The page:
People remember stories, NAHU speaker says
- Why should I listen to you? This is the credibility piece of the presentation, Clark said. In order to answer the question, the speaker should find out more information about the prospect before the meeting takes place.
- Can I do this with my strengths and weaknesses? This is the possibility piece of the presentation. “What makes someone choose to do business with you?” he asked. “In the sales professions, it’s visibility, visibility, visibility.”
- How do I do it? This is the point in the presentation where you give the listeners the details and the guidance to help them get from where they are to where they want to be.
- Outside introduction – Why should I listen to you?
- Inside introduction – This begins when you walk on stage. How do you want to be perceived?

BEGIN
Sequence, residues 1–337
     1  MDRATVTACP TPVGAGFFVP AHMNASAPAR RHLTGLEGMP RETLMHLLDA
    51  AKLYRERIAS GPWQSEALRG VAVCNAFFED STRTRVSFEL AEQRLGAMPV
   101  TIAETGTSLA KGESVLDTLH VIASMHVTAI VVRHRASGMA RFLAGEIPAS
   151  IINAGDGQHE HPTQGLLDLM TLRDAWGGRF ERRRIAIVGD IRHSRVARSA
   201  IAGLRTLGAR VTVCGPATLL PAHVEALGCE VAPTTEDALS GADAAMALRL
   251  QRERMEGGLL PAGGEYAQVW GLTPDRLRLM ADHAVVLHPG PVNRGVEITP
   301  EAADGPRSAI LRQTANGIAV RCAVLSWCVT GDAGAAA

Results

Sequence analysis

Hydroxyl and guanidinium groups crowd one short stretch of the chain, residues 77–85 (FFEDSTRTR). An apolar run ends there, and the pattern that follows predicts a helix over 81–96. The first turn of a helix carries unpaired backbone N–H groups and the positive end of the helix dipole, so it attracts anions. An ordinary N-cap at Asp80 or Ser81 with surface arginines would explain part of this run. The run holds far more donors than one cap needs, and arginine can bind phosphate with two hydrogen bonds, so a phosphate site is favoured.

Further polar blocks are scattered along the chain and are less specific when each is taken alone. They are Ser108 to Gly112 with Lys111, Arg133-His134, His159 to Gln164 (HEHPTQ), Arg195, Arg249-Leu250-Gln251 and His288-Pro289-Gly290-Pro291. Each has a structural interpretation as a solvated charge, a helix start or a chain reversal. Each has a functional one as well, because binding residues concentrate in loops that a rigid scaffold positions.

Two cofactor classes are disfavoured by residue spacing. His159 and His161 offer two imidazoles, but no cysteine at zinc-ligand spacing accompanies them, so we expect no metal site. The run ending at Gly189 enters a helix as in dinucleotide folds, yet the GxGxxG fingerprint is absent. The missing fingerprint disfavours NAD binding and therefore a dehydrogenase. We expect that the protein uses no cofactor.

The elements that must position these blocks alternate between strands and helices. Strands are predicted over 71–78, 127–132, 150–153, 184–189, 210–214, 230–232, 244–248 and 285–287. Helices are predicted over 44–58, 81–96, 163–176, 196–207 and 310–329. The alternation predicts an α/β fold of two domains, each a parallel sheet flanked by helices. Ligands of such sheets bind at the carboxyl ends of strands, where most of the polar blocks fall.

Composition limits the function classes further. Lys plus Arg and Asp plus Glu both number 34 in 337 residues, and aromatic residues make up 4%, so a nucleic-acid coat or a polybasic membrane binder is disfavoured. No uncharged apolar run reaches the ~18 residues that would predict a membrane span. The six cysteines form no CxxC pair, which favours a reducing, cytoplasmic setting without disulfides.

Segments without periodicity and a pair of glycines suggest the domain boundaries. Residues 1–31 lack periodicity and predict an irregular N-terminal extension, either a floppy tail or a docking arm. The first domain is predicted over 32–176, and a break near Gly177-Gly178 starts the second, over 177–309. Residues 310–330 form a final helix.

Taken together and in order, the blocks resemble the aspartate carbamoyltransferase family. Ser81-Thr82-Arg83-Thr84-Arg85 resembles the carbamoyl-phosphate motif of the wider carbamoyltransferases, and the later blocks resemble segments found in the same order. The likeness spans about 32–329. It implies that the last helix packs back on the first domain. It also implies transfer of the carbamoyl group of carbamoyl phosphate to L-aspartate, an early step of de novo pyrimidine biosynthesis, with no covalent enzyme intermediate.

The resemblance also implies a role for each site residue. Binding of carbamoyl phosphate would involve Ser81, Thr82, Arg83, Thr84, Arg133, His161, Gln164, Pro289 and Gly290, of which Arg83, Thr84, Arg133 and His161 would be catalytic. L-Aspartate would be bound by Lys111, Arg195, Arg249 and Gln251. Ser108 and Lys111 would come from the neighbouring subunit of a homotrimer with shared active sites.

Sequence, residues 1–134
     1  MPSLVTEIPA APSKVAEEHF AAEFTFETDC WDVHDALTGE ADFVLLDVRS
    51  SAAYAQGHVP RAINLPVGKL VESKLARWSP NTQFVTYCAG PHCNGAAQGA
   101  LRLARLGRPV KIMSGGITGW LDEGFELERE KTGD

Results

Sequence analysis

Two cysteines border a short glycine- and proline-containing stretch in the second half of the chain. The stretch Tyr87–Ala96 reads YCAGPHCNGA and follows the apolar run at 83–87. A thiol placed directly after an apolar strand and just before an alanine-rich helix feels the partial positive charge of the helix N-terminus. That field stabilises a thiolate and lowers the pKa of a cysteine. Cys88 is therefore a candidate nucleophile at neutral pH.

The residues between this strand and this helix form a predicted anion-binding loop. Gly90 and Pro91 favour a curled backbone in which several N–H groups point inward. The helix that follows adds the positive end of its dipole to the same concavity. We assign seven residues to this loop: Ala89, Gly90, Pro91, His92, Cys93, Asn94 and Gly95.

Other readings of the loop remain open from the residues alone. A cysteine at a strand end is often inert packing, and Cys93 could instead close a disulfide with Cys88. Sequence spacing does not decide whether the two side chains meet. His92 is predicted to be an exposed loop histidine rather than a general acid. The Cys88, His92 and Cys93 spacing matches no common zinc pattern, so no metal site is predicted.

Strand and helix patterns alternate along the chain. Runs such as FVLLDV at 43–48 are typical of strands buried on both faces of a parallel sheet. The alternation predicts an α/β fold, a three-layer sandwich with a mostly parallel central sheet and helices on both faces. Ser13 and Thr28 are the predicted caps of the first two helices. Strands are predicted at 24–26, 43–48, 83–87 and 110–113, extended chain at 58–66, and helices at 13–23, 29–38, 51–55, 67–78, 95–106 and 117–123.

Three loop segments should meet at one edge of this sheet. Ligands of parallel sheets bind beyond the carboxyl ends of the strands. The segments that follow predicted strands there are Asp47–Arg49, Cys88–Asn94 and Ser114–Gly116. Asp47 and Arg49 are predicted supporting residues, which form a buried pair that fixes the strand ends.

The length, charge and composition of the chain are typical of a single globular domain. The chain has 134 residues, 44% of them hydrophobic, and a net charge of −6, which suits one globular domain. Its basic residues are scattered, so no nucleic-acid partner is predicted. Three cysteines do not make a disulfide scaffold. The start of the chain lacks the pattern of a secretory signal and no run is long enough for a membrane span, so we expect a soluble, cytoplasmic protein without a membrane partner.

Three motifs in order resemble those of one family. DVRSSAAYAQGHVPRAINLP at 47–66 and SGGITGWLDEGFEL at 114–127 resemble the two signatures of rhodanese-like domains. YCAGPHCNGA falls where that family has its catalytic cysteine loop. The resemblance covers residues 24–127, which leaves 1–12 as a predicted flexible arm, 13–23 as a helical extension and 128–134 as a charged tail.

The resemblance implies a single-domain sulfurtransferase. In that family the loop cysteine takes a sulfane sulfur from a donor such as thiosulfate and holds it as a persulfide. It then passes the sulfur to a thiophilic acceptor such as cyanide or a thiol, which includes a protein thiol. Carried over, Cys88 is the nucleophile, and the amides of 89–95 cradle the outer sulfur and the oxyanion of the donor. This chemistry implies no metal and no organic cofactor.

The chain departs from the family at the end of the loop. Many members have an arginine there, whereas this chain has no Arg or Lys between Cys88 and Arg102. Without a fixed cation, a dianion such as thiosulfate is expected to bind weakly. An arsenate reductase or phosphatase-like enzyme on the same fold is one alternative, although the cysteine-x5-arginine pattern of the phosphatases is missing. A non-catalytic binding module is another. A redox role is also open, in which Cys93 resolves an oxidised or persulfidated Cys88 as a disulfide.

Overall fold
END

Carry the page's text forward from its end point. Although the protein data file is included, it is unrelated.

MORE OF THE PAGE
- The thesis – It’s the 90-second elevator pitch that tells people what you do.
- The structure – Connect the facts and figures with the story.
- Social proof – This is the point at which you tell the story.
- The visual aid – Never use more than 12 slides in a 60-minute presentation.
- Research data – Provide information.
- Call to action – Give people a reason to take action.
Susan Rupe is managing editor for InsuranceNewsNet. She formerly served as communications director for an insurance agents' association and was an award-winning newspaper reporter and editor. Contact her at [email protected]. Follow her on Twitter @INNsusan.
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